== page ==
Pat Lam warns reducing marquee players will impact young English rugby talent

Bristol Bears director of rugby Pat Lam believes the production line of English talent will suffer from the decision to reduce the number of marquee players at each Gallagher Premiership club from two to one.

As part of a drive to reduce costs in the wake of the financial difficulties caused by the coronavirus pandemic, the salary cap has been cut by £ 1.4million to £ 5million from this season.

In addition, as of 2022-23, each club will only be able to retain one player whose wages fall outside the £ 5million ceiling once existing contracts have expired.

Lam has confirmed that the Bears’ prized assets Semi Radradra and Charles Piutau are tied to Ashton Gate for next season despite speculation that their marquee players might depart sooner.

And the Bristol boss insists the influence of high-quality overseas players should not be underestimated.

“Both of them have been phenomenal since they’ve been here. They’ve been massive, ”Lam said.

“People talk about them around the world and that puts a spotlight on the English Premiership. What they’ve done is have an impact on the guys here.

“All of those boys – Steven Luatua, John Afoa, Chris Vui – have had a massive impact on the guys around them and they’re English players and you’ll see them coming through.

Semi Radradra (second left) and Charles Piutau (second right) are staying at Bristol next season (Simon Galloway / PA)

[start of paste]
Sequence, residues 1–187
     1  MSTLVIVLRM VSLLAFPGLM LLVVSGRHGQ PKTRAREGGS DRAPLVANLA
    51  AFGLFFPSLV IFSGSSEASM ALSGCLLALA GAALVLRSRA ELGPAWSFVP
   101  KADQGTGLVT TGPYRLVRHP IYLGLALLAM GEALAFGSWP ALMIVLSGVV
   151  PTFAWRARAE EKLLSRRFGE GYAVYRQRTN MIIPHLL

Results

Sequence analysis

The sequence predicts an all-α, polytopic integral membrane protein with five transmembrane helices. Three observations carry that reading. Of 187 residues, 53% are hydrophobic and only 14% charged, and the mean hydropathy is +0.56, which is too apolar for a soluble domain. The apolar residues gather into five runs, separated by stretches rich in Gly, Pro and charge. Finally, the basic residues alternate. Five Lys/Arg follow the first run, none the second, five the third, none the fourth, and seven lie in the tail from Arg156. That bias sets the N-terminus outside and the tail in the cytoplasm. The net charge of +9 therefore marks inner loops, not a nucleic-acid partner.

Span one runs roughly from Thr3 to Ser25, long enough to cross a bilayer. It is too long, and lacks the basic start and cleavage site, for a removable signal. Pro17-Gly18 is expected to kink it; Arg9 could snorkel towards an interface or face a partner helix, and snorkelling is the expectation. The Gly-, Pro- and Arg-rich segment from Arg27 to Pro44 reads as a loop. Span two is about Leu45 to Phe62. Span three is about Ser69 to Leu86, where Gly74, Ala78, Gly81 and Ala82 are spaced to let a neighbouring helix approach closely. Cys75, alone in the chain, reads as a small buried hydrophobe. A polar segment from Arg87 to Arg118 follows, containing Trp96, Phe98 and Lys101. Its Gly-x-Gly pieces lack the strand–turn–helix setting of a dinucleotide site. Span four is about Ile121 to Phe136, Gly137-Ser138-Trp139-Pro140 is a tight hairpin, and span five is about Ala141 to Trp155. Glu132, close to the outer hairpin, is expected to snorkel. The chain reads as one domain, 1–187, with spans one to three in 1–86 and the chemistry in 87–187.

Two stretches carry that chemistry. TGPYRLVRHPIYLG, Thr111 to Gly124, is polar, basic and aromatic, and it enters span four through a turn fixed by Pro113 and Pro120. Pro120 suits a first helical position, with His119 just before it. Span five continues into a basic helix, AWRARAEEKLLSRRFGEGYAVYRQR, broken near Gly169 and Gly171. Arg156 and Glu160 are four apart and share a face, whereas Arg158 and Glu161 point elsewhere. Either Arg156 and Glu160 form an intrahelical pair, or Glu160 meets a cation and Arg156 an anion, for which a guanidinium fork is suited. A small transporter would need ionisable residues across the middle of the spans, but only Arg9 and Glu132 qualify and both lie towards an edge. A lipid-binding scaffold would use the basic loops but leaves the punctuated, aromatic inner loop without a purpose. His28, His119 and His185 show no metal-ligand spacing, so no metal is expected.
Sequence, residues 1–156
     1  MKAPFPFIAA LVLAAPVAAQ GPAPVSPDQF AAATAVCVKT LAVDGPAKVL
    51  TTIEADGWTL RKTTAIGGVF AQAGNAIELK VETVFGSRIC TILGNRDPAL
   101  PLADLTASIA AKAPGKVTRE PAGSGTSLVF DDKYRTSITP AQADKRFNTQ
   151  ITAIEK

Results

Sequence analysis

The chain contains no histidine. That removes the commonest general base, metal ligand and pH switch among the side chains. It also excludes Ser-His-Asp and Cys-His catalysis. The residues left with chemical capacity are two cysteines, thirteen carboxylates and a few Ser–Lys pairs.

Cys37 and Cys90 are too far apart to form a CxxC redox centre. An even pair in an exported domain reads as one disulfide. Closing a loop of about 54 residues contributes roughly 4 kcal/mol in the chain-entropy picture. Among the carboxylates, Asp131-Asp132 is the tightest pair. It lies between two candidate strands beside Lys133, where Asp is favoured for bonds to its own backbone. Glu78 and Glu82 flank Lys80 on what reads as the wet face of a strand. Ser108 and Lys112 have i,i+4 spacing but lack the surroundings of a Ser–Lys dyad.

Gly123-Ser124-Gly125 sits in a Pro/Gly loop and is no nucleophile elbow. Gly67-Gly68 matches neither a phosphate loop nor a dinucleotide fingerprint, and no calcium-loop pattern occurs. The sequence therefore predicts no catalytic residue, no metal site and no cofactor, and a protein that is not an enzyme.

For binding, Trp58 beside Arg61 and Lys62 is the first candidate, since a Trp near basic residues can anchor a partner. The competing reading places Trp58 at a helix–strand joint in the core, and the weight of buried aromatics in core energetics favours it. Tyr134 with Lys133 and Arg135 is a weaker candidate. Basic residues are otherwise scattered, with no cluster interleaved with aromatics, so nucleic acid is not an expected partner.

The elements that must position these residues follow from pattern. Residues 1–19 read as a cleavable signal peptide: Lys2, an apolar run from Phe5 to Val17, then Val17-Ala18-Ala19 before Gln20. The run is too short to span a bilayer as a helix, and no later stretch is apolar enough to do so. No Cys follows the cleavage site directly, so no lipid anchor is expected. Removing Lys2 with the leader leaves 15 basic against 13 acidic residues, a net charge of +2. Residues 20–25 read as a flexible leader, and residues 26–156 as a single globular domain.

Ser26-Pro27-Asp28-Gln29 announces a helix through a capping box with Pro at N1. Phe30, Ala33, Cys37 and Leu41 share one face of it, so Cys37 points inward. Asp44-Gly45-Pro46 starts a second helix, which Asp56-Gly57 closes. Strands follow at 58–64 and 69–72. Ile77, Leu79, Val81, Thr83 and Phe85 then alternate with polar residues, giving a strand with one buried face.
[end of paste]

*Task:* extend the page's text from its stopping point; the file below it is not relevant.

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“They get the chance to work with these guys, who help them as well. So there’s the impact on the next generation coming through and on the English-qualified guys who learn off them.

“Every team has had marquee players and the purpose of them was to get the right person to not only help you on the field but also to help the competition and help those who are coming through.”

Radradra underlined his value when he crossed for a dynamic solo try in the 10-9 victory over Sale that gives Bristol a slight advantage heading into the second leg of Saturday’s Heineken Champions Cup last 16 tie at Ashton Gate.

The 29-year-old Fiji star missed four months of the season because of knee surgery but in Manchester showed a glimpse of the talent that will be needed if the Bears are to mount a meaningful challenge in Europe.

“Without a doubt the try shows what they can do,” Lam said. “The team provided the opportunity for Semi to line-break and Semi reminded everybody how world class he is at those things.

“Semi’s a real trooper. You guys see those moments, but we see the other moments that he’s created. I said after the game that he would be the first to admit he wants to be better.

“Every day he works away on it (the knee injury). Semi’s one of the mentally toughest at just cracking on and he just goes through it. ”

Meanwhile, Lam says he supports the principle behind a law trial in place in Super Rugby that means a sent-off player can be tactically replaced by a substitute after 20 minutes.

World Rugby is considered extending the law trial, which is designed to stop games being ruined by the increase in dismissals because of dangerous tackles, to other competitions.

“To me the bigger issue is the consistency in the decisions to give reds,” Lam said. “That (the law trial) would help if a decision is not consistent.

“It used to be very rare that there was a red card. Red cards were for out and out foul play, punching someone or really dangerous play.

“The rule is probably a good idea with the amount of red cards that are out there at the moment. They’re very prevalent and pretty much every week someone gets a red card. ”

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